It was a week after I baked my Polish Plum Cake, and the kids started asking for more. I only had a handful of large plums remaining from our Costco stockpile–didn’t seem to be enough to bake another cake. I was curious to see whether there is a German equivalent, given that Poland and Germany are neighbors and a lot of the cuisine overlaps. Sure enough, there is an equivalent.
Just as in Polish cuisine, there are several different kinds of plum cakes, including one that uses yeast dough, and one, like the Polish Plum Cake, that uses a butter cake base. I didn’t want to play around with finicky yeast, and it was running late in the day already, so I settled on a similar cake to the Polish Plum Cake. There are some differences though. In the German Plum Cake recipe, less flour is used, the cake layer is thinner, there is more cinnamon and less plums, sour cream is used instead of milk, and almond extract is added to the batter in lieu of lemon zest. What I liked most about this recipe is that I didn’t need a ton of plums! [Since writing this post, I have worked on a more traditional yeast-based cake. It’s the pinnacle of plum cakes! Check out the ultimate plum cake recipe!]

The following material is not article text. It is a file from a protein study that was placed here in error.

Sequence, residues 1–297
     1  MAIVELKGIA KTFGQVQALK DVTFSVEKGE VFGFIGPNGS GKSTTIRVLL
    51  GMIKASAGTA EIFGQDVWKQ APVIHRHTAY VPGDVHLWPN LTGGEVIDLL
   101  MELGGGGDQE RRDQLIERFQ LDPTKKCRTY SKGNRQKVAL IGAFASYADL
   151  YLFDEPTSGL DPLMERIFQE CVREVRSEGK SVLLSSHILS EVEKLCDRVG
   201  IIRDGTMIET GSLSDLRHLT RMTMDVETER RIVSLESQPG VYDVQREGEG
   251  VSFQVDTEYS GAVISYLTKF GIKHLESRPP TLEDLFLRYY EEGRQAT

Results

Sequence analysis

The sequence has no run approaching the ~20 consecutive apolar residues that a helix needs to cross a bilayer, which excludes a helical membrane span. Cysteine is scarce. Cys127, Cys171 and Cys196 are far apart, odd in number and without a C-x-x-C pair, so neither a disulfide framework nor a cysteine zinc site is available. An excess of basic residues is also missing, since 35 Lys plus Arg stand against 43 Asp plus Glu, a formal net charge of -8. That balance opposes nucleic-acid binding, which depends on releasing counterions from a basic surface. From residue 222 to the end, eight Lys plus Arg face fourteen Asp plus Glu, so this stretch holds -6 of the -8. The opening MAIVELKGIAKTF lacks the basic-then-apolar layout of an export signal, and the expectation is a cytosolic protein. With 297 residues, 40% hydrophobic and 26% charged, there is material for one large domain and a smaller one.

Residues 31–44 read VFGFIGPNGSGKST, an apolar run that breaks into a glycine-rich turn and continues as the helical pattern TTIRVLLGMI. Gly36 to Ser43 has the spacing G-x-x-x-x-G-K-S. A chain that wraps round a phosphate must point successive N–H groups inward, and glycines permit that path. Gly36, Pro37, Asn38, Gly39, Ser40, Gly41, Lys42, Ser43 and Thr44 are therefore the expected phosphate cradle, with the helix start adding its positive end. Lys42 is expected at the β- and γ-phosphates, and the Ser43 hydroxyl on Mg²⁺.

I only had 4 large plums–though I needed at least 5–and cut them into relatively thin slices. This turned out to be about 8 slices per half a plum. I then sifted the dry ingredients together.
The batter was thick.
A sugar crumb topping is supposed to be sprinkled on top before baking. But, of course, the butter I used was way to soft, so my sugar mixture was more like a moist paste. Given that I didn’t have time to redo it, nor did I want to waste ingredients, I did my best to deal with the mistake. I plopped the mixture over the plums and sprinkled the whole top of the cake with cinnamon. This ended up working out just fine.
A note on the plums–I was worried that I wouldn’t have enough to cover the 13 x 9 inch pan. Covering such a pan with only 4 plums? How is that possible? The thin slices helped. I lightly pushed the slices into the batter, skin side up (sort of) and tried to keep the rows even.
After baking the cake and letting it cool to room temperature, I dusted it with some confectioner’s sugar, and it was ready to be tasted.
The kiddos gobbled this cake up faster than the Polish version, even though it had less plums. My guess is that the addition of almond extract is what pulled this cake out ahead. While 4 large plums still resulted in a delicious cake, I had spaces in the dough that I wish I could have filled with plums, so the recipe below still recommends 5 to 6. [But if you don’t have that many, don’t despair!]
We are heading into holiday season, so this cake recipe will have to go back into storage. Until next year.